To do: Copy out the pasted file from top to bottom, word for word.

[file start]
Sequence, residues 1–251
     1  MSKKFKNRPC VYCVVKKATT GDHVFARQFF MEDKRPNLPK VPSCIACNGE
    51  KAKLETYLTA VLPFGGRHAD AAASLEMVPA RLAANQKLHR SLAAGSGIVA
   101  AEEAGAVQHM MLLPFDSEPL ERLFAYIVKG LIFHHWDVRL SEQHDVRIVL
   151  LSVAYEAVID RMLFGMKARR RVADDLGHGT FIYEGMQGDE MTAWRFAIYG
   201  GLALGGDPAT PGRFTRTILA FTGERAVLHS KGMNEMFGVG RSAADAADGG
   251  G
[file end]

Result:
Sequence, residues 1–251
     1  MSKKFKNRPC VYCVVKKATT GDHVFARQFF MEDKRPNLPK VPSCIACNGE
    51  KAKLETYLTA VLPFGGRHAD AAASLEMVPA RLAANQKLHR SLAAGSGIVA
   101  AEEAGAVQHM MLLPFDSEPL ERLFAYIVKG LIFHHWDVRL SEQHDVRIVL
   151  LSVAYEAVID RMLFGMKARR RVADDLGHGT FIYEGMQGDE MTAWRFAIYG
   201  GLALGGDPAT PGRFTRTILA FTGERAVLHS KGMNEMFGVG RSAADAADGG
   251  G